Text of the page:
FAQ Friday, Second Edition: The Essays

Studying

Hello again and happy Friday from the Office of Undergraduate Admissions. The hot topic this week that we know has been on your mind: What should you be for Halloween?? Great question. The possibilities are endless.

What’s that? You already know that you want to be the blue power ranger (good choice!) but what’s really on your mind is your application essay? I guess we can help with that, too. (And a note to our readers who are not quite application-ready: We know you’ve got questions too. I promise we’ll address some general, not-application-related questions soon.)

So. The application essay. There you are, all ready to submit your application and go about your business, except for the small matter of you versus the blinking curser. When it comes to application essays, there’s good news and bad news. The bad news is that the essay is an important part of your application. The good news? Your essay is an important part of your application! (Did you just do a cartoon double-take?) What this means is that your essays should be something that you spend some time on, because it’s your chance to show a little bit of your personality to the counselors who are reading your application. Admissions_Shannon already covered a lot of this in a post earlier this month: http://blogs.hopkins-interactive.com/blog/2012/08/the-write-stuff-essay-strategies-that-work/, and you can always read examples of previous essays that we liked on our “Essays that Worked” page: http://apply.jhu.edu/apply/essays.html. What we’re here for today are your FAQ about essays, so here goes…

You've read everything you can find about us... now we want to read about YOU!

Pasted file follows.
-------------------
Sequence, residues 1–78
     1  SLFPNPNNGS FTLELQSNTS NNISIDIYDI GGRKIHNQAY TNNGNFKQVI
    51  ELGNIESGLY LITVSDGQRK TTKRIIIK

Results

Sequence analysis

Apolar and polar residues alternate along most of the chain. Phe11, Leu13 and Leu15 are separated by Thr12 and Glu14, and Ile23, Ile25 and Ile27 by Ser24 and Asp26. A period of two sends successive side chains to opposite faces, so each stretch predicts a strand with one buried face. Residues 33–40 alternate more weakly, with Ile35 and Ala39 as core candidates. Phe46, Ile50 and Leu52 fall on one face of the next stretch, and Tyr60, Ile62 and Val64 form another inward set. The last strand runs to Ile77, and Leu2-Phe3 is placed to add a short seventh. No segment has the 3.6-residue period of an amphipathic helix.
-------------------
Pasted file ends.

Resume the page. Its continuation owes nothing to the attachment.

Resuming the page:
#1. Are those, uh, word counts, like, totally set in stone, orrrr….??

We get it. By the time you’re asking this question, you’ve probably already got a 3,000-word masterpiece polished and ready to go. Good for you! There are tons of students staring at an empty page who hate you right now. Here’s the deal: the word counts are put there for a reason. Writing isn’t just about what you have to say, but how clearly and concisely you can communicate it when asked. (Do as we say and not as we do, as this “very brief” blog rambles on and on every week.) The essay form won’t cut you off, and your regional admissions counselor is not a robot programmed to self-destruct after the 500-word or 250-word limit, so don’t prematurely age yourself fretting over those last few words. BUT—and it’s a big but, which is why we made it bold and capitalized—the person reading your application has no obligation to read past the posted word limit so it’s in your best interest to get to the point quickly. In the words of John Mayer, say what you need to say, while keeping an eye on the word count limits. (Can we get #JohnMayerCollegeEssay trending on twitter? Anybody?) If you’re way over the limit and stuck on what to cut, employ your friends, family, counselors, dog, whoever, to help you whittle it down.

You'll get by with a little help from your friends...

#2 What makes an essay stand out?

Again, visit Admissions_Shannon’s excellent advice for essay writing or our Essays that Worked page for examples, but, in general, essays that are well written, interesting, and creative stand out. Essays that are heartfelt and genuine, or show a real passion for learning (or more specifically, learning at Johns Hopkins) or commitment to a social/extracurricular endeavor are memorable. Remember, the person reading your application is just that—a person. What kinds of things would stand out to you if you were reviewing essays all day? Think about that as you write your own piece. Which brings us to…

Take some time to plan out your essay. You'll be glad you did!

#3. What’s the appropriate amount of curse words in a college admissions essay?